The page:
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Found 12 results

  1. So my second attempt yesterday in preparation for my first proper go at a knife. Went for a simple chefs knife and maybe got ahead of myself by choosing a hidden tang
  2. Hey guys! Was finally able to finish another knife and a video of the process! https://youtu.be/SX1Nr2pbgWA Hand forged the blade out of- 52100 1" stock using my gas forge. Tried to forge down as close to the final shape as possible to minimize grinding, but some profiling was needed... Heat treated it using a furnace since this steel doest take overheating very kindly. Used a homemade micarta spacer and hard wood for the handle. Decided to go for an aluminum inlay for the handle pin drilling and used damascus steel for the pin (I bought this, didn't make it). Really
  3. Alright folks! Finished this little thing before the vacation, but never got around to taking photos of it... So here they are! So, first of all - the stats: Blade length: 16 cm Blade width: 3,4 cm Blade thickness: 3mm Handle length: 11,8 cm Total weight: 110 grams Blade is made in a san-mai lamination with railroad steel for the body and spring steel for the edge. Handle is made in a laminate of stabilized Maple, Teak, buffalo horn, brass and vulcanized fiber. Alright, that's it! Chiao people, and have a nice week.
  4. Here is a custom Chef's Knife I just finished up for a customer. The 22,5cm blade is forged in an exotic jet-turbine alloy mixed with high carbon steel, folded to 44 layers, twisted and laminated in a san-mai lamination with Øberg-steel for the core. The handle is in stabilized Zebra wood, Jamaican blue mahoe, buffalo horn and vulcanized fiber. weight: 214 grams Blade length: 22,5 cm Blade width: 3,5 cm Blade thickness: 4 mm Blade hardness: 63 HRC Handle length: 12,5 cm Handle thickness: 1,7cm Any and all critique is as always most w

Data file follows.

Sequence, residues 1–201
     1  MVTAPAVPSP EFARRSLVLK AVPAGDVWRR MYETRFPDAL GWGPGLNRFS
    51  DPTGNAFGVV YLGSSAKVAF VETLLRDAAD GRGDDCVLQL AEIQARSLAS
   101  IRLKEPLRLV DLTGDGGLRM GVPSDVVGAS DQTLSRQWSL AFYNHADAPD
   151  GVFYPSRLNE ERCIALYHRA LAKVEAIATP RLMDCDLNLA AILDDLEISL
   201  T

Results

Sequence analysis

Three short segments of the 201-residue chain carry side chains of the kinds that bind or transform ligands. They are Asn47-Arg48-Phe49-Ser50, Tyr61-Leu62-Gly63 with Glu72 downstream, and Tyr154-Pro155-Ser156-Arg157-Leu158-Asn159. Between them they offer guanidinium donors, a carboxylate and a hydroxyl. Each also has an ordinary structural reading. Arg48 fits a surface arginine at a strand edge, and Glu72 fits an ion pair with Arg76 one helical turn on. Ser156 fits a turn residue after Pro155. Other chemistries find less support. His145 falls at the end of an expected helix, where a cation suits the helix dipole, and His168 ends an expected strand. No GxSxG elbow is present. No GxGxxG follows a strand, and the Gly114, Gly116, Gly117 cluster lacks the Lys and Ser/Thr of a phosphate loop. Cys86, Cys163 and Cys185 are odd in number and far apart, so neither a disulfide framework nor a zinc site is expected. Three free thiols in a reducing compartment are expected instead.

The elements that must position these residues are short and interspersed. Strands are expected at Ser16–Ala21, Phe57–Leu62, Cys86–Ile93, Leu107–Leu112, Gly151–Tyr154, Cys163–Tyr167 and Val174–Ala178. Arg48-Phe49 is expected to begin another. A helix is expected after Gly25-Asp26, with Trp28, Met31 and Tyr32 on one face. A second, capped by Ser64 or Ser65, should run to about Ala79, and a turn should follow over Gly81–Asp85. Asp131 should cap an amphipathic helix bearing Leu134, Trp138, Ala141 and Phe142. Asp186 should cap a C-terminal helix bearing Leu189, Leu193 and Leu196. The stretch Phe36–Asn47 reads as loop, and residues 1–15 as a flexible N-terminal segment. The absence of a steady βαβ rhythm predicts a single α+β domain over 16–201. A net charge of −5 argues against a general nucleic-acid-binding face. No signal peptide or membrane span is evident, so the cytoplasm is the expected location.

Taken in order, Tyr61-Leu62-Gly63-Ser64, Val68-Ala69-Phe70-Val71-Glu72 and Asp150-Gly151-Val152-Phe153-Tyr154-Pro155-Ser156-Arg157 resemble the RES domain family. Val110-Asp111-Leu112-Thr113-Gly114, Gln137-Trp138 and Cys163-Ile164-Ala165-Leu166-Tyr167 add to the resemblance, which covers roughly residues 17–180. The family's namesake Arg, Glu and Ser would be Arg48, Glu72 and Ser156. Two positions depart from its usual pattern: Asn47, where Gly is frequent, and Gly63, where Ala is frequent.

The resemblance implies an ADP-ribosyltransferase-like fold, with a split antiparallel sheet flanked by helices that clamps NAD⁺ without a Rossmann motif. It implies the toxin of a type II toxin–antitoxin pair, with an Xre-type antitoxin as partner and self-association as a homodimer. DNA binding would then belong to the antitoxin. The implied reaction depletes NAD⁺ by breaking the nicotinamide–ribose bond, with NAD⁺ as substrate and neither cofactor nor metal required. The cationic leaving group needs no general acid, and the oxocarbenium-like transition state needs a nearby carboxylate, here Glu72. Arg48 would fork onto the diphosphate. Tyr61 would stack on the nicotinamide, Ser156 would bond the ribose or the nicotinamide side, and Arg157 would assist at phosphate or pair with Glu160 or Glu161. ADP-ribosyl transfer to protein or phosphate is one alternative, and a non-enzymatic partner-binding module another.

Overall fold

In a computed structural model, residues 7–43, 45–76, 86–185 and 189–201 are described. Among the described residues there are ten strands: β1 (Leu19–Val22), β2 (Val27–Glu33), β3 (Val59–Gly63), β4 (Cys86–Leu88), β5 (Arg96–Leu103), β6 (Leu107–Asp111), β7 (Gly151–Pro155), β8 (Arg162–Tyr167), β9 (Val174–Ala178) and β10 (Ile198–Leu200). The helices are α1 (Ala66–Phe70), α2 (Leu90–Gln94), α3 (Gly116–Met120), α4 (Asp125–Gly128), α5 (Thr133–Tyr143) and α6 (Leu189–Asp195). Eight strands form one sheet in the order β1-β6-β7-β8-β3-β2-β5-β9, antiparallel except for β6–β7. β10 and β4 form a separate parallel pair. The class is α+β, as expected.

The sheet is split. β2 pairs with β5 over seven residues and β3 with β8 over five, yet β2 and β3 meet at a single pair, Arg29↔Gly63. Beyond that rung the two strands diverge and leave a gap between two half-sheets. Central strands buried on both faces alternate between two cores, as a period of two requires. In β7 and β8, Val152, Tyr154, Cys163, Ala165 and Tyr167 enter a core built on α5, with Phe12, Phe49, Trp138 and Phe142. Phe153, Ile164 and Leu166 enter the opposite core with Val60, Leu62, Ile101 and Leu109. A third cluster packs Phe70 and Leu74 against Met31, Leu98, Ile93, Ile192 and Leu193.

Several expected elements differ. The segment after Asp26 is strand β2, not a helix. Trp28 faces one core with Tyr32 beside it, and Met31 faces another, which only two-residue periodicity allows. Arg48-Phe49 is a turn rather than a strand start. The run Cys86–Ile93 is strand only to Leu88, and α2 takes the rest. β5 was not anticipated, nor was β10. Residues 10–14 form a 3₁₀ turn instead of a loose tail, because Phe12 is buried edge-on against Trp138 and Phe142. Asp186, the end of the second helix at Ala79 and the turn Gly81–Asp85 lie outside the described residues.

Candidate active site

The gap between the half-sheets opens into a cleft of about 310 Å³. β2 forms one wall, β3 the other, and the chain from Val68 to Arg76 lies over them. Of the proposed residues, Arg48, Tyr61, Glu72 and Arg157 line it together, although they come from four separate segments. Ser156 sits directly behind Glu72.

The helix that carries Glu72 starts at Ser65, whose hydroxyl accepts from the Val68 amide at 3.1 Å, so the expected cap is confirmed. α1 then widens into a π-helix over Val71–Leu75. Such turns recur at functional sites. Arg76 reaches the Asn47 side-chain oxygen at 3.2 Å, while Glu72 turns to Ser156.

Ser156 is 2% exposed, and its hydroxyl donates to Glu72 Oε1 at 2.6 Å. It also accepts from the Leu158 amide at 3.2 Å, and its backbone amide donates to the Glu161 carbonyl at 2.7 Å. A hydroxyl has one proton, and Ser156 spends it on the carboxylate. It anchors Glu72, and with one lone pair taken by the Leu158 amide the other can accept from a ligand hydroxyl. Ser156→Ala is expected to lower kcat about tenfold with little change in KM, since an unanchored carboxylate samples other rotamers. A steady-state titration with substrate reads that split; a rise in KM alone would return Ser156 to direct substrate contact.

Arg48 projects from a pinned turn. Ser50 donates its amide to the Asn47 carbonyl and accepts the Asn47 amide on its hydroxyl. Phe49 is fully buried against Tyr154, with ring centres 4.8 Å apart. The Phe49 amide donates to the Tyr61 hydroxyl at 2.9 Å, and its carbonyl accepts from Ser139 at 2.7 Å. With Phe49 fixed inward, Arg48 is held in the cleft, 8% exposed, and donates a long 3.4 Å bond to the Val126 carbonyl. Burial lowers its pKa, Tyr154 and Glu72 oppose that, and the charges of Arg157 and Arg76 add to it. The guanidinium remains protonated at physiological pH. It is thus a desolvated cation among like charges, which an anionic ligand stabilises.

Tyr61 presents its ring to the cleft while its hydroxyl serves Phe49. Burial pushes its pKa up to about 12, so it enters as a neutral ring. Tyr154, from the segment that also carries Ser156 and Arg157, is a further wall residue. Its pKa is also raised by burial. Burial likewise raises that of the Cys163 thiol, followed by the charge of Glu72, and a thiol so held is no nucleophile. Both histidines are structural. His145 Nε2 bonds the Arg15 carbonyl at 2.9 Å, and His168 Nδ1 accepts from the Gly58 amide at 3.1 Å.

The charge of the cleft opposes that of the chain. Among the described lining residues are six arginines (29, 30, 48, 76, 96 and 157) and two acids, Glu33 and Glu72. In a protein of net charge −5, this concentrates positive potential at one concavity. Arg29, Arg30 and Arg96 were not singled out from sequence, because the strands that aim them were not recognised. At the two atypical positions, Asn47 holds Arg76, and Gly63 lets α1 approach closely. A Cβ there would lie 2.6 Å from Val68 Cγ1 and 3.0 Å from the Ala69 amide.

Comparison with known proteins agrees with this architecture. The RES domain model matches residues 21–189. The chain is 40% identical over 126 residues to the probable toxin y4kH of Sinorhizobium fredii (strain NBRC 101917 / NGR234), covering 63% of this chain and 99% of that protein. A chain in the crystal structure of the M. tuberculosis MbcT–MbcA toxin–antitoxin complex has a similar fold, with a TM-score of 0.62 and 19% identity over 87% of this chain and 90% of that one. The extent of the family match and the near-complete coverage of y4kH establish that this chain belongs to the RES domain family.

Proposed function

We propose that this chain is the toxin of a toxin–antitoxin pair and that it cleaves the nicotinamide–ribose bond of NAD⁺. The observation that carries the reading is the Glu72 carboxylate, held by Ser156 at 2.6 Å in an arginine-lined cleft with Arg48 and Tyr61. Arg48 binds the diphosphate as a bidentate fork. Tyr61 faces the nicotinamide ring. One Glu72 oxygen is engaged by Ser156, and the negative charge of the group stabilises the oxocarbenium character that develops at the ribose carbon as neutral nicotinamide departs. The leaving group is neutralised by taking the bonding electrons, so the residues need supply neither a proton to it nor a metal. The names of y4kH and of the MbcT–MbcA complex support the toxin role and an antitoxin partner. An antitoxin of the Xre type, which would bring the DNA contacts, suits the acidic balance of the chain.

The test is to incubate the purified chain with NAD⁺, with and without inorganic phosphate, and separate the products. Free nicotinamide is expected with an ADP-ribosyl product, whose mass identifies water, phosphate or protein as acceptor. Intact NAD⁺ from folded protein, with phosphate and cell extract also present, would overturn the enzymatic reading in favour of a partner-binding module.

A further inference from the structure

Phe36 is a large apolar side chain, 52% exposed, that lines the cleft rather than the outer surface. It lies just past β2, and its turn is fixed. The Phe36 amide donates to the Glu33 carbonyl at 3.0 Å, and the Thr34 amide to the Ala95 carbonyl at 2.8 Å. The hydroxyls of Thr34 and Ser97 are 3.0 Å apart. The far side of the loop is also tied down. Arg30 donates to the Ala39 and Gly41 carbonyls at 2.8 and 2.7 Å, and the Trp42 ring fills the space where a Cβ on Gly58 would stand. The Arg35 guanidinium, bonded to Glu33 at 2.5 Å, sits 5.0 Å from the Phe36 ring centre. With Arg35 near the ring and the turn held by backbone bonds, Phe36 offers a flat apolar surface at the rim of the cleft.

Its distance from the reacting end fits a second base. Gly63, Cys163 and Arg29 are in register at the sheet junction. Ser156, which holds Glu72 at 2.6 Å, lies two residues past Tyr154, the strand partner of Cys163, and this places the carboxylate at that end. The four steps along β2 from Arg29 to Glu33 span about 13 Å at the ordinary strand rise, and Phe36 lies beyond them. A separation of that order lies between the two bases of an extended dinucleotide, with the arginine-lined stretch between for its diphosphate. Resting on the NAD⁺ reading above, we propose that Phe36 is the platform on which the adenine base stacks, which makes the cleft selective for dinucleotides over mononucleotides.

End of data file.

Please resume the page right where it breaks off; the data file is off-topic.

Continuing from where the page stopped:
5. Alright - so this whole thing started in the Metallurgy section of the forum where I test some highly exotic steel from a Jet Turbine Engine shaft... That thread can be found HERE. As for the continuation of this little project - keep an eye on this thread right here. Alright, so I've tested some steel - and it seemingly has some incredible properties. It hardens to above 60 HRC when quenched in oil - but it stays maleable and not brittle - even at that hardness level. I had to use serious repeated force to break one in half. Here are some closeup images of the turbine shaft ste
  6. I managed to destroy a piece of steel while twisting (bad weld) and got pissed to such an extent I decided to put that project on a temporary hold and make a chef's knife out of the scraps. Here is the result. The pattern welded steel is 15 layers of twisted railroad and railroad-plates steel, and the edge steel is Øberg-steel. Hardness at edge: 58HRC Handle materials are: What kind of wood is that burl..? Anyone? + Holly, vulcanized fiber, silver tinn, and buffalo horn. NOTE: If you look towards the edge - notice a crack in the edge steel. It does not continue